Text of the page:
Bingo! I don’t think Scandal exploits black women’s stereotype nor do I think Olivia is the typical “Jezebel” but I do think people are missing the point of Burrell’s criticism because they get side track by the package of she is powerful, educated, witty, and beautiful with a banging job, etc. that they missed the main point you stated that Olivia has it ALL and sistah is still reduced to a mistress and unhappy (can she at least be a happy just kidding). I don’t watch the show religiously but by checking in it doesn’t seem like the character has made any progress despite all her brains, wits, power and beauty she is still stuck in the never satisfied unhappy black woman stereotype (not necessarily the sexual stereotype as Burrell mention). Don’t get me wrong I love flawed characters that aren’t the cookie cutter Disney princess images but if you are going to give me a flawed character then you are going to have to give me an evolution of the character as well which still has yet to happen. When Olivia evolves a bit more maybe I would watch more until then…

  • Michirenee

    Or maybe it’s because he’s married.

  • Rue

    Reach, much.
    First off, there is no “image” for black women. I sigh everytime i hear this. I don’t necessarily have a problem with people portraying black women as sexually aggressive. Some of us are. It becomes a problem when it is the norm and the ONLY representation. Per Olivia Pope, she has to run a tight ass ship, or her business would crash. it’s not aggression, its being (one kind of) a boss.
    “He doesn’t seduce her. She seduces him” It’s like dude have you seen ONE episode of this friggin show?!? It’s the president that seduces HER. Burrell is way off in her characterization. The woman is not sexually “aggressive”. The president wasnt to jump her bones each time he sees her and not vice versa. Damn!!
    I’ll admit i kinda cringed about the white president, especially the scene where he was telling her what to do in the bedroom, but to each her own. Maybe Pope likes to be dominated during sex. And it’s not like the prez says jump and she says how high. She actually has a firmer head on her body than he does.

  • Michirenee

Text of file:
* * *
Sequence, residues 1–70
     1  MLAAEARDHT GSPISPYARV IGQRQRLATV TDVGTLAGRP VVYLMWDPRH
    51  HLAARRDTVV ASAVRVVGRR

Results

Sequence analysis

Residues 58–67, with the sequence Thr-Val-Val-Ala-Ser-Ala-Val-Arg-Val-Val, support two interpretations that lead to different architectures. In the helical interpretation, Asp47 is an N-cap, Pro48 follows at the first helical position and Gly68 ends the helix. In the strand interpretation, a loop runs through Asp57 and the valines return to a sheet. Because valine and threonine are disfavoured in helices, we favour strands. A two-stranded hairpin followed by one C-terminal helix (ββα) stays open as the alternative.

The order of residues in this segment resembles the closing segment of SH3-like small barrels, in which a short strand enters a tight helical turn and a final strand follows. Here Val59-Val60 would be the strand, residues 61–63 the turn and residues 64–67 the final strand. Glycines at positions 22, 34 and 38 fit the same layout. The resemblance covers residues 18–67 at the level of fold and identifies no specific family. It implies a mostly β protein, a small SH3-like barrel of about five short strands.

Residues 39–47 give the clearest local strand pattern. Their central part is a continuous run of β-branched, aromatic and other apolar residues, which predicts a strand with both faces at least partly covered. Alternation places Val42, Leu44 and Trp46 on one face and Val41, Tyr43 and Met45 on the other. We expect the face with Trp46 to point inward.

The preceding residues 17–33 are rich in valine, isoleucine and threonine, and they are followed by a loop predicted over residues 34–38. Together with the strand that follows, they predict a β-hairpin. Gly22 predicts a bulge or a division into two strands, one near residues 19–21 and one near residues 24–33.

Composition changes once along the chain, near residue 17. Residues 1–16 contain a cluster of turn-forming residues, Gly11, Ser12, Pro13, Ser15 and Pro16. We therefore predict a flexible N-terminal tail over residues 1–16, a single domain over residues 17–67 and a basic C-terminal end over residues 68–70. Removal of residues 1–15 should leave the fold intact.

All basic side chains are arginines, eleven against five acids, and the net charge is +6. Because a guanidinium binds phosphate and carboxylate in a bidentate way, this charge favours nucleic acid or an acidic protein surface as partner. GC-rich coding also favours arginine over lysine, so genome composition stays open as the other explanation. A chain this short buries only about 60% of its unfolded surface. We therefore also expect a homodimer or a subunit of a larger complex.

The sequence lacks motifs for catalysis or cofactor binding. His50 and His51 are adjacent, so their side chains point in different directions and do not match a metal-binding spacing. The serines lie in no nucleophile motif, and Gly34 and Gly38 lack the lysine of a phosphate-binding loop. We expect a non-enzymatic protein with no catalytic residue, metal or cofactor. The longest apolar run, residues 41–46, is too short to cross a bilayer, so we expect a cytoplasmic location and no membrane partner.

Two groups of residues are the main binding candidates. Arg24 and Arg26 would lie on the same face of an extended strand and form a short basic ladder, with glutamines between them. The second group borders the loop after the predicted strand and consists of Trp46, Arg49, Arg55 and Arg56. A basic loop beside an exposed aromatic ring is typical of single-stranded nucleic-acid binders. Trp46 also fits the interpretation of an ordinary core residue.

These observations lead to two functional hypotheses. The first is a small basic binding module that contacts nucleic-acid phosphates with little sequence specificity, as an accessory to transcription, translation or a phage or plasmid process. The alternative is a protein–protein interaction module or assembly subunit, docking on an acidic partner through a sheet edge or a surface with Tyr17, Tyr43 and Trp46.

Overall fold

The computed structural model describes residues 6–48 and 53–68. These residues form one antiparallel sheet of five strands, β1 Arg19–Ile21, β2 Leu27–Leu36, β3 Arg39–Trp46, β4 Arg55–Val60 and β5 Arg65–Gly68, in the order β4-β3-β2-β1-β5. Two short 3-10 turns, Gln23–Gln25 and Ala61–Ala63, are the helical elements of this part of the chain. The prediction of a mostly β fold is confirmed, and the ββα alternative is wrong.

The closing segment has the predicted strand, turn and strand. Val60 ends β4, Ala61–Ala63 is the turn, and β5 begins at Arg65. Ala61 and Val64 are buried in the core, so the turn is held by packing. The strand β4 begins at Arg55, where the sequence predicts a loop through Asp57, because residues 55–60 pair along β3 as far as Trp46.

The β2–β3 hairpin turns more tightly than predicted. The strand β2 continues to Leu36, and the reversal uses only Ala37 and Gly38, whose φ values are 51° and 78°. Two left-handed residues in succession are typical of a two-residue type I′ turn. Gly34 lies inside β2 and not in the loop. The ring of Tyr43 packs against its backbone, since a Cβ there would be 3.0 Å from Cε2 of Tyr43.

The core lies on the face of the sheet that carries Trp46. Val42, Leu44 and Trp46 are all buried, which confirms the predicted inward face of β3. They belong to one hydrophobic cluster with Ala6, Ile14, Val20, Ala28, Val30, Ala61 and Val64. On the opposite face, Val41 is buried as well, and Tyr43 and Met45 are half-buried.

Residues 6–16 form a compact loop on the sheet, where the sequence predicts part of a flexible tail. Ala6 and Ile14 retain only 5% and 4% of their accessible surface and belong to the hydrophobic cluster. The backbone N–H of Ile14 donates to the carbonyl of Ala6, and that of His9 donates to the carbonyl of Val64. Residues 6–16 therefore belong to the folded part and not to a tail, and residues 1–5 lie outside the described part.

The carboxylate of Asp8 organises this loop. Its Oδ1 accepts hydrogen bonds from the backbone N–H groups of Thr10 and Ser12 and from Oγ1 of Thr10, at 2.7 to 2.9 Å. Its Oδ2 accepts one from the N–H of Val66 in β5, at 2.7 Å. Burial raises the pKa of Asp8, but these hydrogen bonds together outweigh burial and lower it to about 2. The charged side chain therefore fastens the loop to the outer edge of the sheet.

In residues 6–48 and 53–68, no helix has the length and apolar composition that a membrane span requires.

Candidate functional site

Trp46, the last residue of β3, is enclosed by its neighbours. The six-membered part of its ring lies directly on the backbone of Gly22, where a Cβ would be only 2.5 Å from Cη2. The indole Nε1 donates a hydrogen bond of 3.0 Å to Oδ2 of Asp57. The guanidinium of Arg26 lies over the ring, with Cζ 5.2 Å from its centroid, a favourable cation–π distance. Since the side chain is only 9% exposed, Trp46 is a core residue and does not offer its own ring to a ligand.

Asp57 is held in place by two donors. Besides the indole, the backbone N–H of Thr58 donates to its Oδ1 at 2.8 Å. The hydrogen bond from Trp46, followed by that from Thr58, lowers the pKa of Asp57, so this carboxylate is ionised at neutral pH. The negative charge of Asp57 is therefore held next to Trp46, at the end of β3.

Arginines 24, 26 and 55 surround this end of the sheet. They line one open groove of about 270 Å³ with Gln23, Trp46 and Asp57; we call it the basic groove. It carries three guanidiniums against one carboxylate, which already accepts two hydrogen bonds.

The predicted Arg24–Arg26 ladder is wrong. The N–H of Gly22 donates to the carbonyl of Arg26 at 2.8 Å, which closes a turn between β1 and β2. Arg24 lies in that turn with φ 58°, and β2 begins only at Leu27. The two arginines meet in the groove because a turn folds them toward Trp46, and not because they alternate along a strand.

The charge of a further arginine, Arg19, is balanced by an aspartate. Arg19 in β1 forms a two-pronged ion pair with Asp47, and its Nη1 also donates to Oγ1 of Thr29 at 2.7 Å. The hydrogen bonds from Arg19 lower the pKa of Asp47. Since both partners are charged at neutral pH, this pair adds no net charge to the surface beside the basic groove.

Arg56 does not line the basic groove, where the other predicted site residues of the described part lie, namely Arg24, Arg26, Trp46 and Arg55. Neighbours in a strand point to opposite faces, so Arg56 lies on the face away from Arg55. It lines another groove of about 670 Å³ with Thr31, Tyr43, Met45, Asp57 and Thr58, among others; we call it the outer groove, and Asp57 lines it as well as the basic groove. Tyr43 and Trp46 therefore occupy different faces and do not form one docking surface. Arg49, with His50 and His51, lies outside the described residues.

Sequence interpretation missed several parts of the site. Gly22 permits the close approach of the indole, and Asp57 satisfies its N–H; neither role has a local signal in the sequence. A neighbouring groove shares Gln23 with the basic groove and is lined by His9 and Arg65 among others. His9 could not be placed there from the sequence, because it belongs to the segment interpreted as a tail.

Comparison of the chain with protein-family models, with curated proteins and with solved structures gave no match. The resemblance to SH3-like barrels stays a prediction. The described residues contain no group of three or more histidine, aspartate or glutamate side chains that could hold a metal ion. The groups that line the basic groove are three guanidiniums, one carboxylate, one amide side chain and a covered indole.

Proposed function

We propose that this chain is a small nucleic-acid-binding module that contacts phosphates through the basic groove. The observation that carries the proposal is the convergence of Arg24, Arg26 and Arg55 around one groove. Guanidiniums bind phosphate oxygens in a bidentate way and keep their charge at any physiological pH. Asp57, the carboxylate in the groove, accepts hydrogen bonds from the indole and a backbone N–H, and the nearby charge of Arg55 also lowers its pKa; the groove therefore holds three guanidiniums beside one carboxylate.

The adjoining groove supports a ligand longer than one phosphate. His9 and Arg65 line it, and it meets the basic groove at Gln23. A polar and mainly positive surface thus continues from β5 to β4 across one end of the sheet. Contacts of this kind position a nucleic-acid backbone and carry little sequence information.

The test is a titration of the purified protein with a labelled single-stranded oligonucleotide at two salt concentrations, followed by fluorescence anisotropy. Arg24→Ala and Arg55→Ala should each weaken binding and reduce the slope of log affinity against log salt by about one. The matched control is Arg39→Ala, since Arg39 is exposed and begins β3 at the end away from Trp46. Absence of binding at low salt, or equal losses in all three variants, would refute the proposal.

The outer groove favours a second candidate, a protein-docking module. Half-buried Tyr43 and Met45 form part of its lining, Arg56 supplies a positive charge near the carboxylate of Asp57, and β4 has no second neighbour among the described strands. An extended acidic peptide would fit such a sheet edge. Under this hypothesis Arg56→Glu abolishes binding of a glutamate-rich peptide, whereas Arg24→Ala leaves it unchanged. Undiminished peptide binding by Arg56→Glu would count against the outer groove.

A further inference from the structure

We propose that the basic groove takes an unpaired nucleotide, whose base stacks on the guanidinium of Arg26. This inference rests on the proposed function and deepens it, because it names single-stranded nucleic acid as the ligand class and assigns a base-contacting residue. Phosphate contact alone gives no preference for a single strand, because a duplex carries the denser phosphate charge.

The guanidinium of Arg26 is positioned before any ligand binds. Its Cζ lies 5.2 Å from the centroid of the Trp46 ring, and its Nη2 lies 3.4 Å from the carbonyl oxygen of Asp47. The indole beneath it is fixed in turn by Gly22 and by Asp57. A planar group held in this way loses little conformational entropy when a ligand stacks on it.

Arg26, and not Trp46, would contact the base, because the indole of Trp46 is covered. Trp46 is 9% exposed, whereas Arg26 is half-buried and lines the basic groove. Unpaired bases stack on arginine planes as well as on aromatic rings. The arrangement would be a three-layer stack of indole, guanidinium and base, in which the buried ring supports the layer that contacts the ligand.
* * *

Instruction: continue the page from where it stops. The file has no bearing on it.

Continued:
If it was a Black president and a White mistress would you still be saying “nobodies perfect”?

  • Michirenee


  • Rue

    The issue wuth the protection is that the protectors are spot on: She has no sex life. only recall one sex scene and it was in flashback. So as for the argument atht she is so sexually charged that she can’t controll herself is bull$h!t. Otherwise, wouldn’t she be boning all the men who work for her + the DA who obviously has the hots for her.

    “though one might conclude she’s did favors for it…” Are you kidding? They mentioned right off the bat that they are LAWYERS, but it is not a LAW FIRM. The last time i checked, being a lawyer requires more than a non-discriminatory vagina. She worked on the president’s campaigh, which is how she met him in the first place.

    “The men in Olivia’s sex life don’t seem to respect her as much whereas those in Bailey’s life want to marry her even after sexin’ her” Yeah, giving up the title of POTUS for her might be respect, even love but, maybe i’m just delusional.

    “Even more so, the men at Olivia’s job respect her because they work for her” Nope that ain’t it either hon. They respect her because she has bent over backwards for all of them at some point or anothr. And rest assured they would all probably do the same for her.

    “JudySmith, has done just as much promotion as she has trying to distance herself from the actual character” She signed on for season 1, and then signed on for season 2 agin, so thet seems pretty distant to me too.


  • lola77

    You are exactly right! It’s TV not a life guide, calm down folks.

    Olivia Pope is what you call an anti-hero. You know, main characters with major flaws of character who the viewer still roots for because though they are flawed they are endearing and even relatable.